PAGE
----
On May 24, Miranda Mulholland became the first musician to deliver a keynote address to the Economic Club of Canada. Her speech, titled ‘Redefining Success in a Digital Marketplace,’ drew on her years of experience as a musician, label owner and entrepreneur to shed light on the reality artists face in the digital age. In her speech, she also identified actions that government, the music industry and music fans can take to help bring balance to the world in which creators live.
The room had a large contingent of artists, including Scott Helman, Alx Veliz, Royal Wood, Tona Tencreddi, Bandana Singh, Ammoye, Amanda Martinez, Zeno Calini, Kanwar Anit Singh Saini, QuiQue Escamilla, Eliana Cuevas, Sarah Thawer, Justin Rutledge, Brenley MacEachern, Lisa MacIsaac, Bradley Thachuk, Monica Pearce, Damhnait Doyle, Suzie Ungerleider, Emma Barnett, Andrew Penner, Jennifer Bryan, Sally Shaar and Jordan Circosta.
There were also representatives from the municipal, provincial and federal governments, as well as music industry groups MusiCounts, Re:Sound, The Canadian Federation of Musicians, CIMA, Music Ontario, The Ontario Media Development Corporation (OMDC), SOCAN, The Canadian Country Music Association, The Corporation of Massey Hall & Roy Thomson Hall, and record labels Sony Music, Universal Music and Warner Music.
Miranda was introduced by Toronto City Councillor Josh Colle, who chairs the Toronto Music Advisory Council on which Miranda also serves. Colle commented that musicians are often entrepreneurs, and in many cases, small businesses and that nobody is an embodiment of that more than Miranda Mulholland. He commented that artists should be supported by the City in the same way as other small businesses.
“As entrepreneurs and small businesses, I think it’s incumbent on all of us to want to see that they’re successful,” said Colle. “The same way we might put money or resources or time into helping other sectors and other small businesses, we should think of that the same way as our musicians and artists, who live in a city that’s increasingly expensive and difficult to find a place to live.”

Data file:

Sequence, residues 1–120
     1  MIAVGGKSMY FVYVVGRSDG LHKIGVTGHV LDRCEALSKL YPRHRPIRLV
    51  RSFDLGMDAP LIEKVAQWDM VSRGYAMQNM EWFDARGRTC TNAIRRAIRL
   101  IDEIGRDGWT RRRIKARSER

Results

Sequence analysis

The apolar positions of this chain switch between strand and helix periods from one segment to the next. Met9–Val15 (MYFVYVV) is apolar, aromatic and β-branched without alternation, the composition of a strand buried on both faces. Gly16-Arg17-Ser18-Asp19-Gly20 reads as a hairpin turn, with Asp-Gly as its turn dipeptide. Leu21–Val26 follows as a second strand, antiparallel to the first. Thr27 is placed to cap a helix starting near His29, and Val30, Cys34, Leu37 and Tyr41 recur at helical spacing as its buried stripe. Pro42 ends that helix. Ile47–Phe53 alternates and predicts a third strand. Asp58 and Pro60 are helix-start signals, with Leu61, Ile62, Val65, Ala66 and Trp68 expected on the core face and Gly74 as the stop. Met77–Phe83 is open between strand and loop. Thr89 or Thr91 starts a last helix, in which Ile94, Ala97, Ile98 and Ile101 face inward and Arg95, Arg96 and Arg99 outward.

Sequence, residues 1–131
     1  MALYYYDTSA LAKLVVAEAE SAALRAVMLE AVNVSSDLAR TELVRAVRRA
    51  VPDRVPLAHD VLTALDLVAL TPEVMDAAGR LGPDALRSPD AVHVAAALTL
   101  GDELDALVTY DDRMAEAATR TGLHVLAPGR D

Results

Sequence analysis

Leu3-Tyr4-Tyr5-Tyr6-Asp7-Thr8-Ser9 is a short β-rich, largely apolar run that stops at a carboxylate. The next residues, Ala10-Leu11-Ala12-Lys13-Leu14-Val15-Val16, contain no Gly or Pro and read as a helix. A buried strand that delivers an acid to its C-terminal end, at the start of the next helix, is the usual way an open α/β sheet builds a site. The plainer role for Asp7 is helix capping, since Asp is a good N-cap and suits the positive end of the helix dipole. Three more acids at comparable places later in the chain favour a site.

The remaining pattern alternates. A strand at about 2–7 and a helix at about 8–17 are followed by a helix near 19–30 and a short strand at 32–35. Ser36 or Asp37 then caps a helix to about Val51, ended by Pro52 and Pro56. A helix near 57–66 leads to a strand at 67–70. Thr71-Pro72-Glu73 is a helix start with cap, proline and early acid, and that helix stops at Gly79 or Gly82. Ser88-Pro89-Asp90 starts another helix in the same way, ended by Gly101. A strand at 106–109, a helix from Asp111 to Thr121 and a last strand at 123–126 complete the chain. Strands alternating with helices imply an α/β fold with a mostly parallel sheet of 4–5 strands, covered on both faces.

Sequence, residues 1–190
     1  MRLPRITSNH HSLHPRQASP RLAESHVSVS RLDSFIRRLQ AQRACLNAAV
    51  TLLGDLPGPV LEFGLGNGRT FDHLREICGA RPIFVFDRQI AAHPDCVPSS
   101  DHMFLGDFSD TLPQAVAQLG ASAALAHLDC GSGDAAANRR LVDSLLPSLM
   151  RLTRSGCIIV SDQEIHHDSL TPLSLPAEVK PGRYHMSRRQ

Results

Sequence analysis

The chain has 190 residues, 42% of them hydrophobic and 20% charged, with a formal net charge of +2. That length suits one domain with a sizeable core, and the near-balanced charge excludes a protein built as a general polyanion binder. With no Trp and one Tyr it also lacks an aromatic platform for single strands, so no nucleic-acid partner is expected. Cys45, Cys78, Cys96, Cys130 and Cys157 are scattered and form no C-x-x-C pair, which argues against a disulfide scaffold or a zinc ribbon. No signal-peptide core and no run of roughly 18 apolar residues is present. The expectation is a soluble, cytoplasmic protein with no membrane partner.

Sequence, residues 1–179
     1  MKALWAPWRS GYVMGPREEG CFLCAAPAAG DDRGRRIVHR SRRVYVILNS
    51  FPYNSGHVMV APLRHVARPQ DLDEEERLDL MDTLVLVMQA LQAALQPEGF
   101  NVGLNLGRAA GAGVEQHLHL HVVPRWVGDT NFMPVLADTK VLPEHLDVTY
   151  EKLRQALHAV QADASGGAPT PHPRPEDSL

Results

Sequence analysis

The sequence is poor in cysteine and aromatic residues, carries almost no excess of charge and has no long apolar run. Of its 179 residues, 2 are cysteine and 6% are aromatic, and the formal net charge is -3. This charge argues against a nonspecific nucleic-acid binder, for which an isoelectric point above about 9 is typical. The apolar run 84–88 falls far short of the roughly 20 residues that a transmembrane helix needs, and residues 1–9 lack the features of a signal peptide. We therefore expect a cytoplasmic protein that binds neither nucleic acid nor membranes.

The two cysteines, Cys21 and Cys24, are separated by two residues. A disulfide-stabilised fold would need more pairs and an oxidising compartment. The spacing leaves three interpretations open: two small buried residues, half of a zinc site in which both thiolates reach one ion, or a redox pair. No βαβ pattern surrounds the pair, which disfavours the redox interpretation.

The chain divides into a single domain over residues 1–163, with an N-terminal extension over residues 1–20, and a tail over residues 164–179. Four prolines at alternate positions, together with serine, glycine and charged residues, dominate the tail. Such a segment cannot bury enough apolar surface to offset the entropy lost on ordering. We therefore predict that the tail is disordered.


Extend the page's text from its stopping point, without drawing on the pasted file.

The overarching theme of Miranda’s speech was accountability, and she pointed to a number of ways that digital music services eschew accountability to the music creators who make all of the content off which they profit.
“Picture each shiny new streaming platform as a shop window,” said Miranda. “Our content – at fire sale prices – fills their shop window, giving them credibility while creators of this content are asked to do the advertising. They give us – the creators – lists of ‘Best Practices’ to get more of our hard won fans to use their services. If we are not getting on playlists then it is our fault for not engaging with our fans enough.”
She was particularly critical of YouTube’s claims that it is merely a passive service, and as such, should be free from liability for the content that appears on the site.
“YouTube says – ‘it isn’t our fault – we are just the shop window. We didn’t put the items in the window, so we are not accountable for them. We are a passive intermediary. We are not liable for this massive copyright infringement.’ But – once again – wait. A top brass at Google just bragged that ‘80% of all watch time is recommended by YouTube.’ He explained that ‘Everybody thinks that all the music that’s being listened to and watched is by search.’ But it isn’t, and in his words, ‘that’s a really important and powerful thing.’ This means that YouTube actively directs consumers. This doesn’t seem all that passive to me. Zero accountability.”
Miranda went on describe the ways in which we can correct the situation faced by artists, saying “We all have a role to play as artists, as consumers, as industry and as government.”
For artists, Miranda encouraged them to be honest about their lifestyle, protect their intellectual property, support robust copyright laws and to pay back into the music ecosystem by championing young talent.
She encouraged music fans to be tastemakers, to create playlists of their favourite music, and to write reviews and rate albums and songs, actions which help shift algorithms in favour of artists. She also encouraged fans to buy albums on their release days, another action which can help to drive albums to front pages of music services. Buying band merchandise was mentioned as a great way to support artists. She also encouraged music fans to subscribe to a streaming service, as the subscription model delivers a much better return to artists than ad-supported streaming.
As for government, Miranda pointed to the elimination of “safe harbour” laws, which provide tech companies with immunity from copyright infringement liability. In Canada, she pointed to eliminating industry cross-subsidies that shift wealth away from music creators, and used the radio royalty exemption as an example, an exemption in place since 1997 that excuses radio stations from paying more than $100 in royalties to artists and record labels on their first $1.25 million in advertising revenue.
Miranda’s heartfelt speech had a visible impact on guests, who gave her an extended standing ovation.
Miranda’s speech was followed by a Q&A discussion with Kate Taylor, author, film critic and arts columnist at The Globe and Mail.
You can view the full event video via the live stream archive on our Facebook page.
Below is a selection of tweets from the event: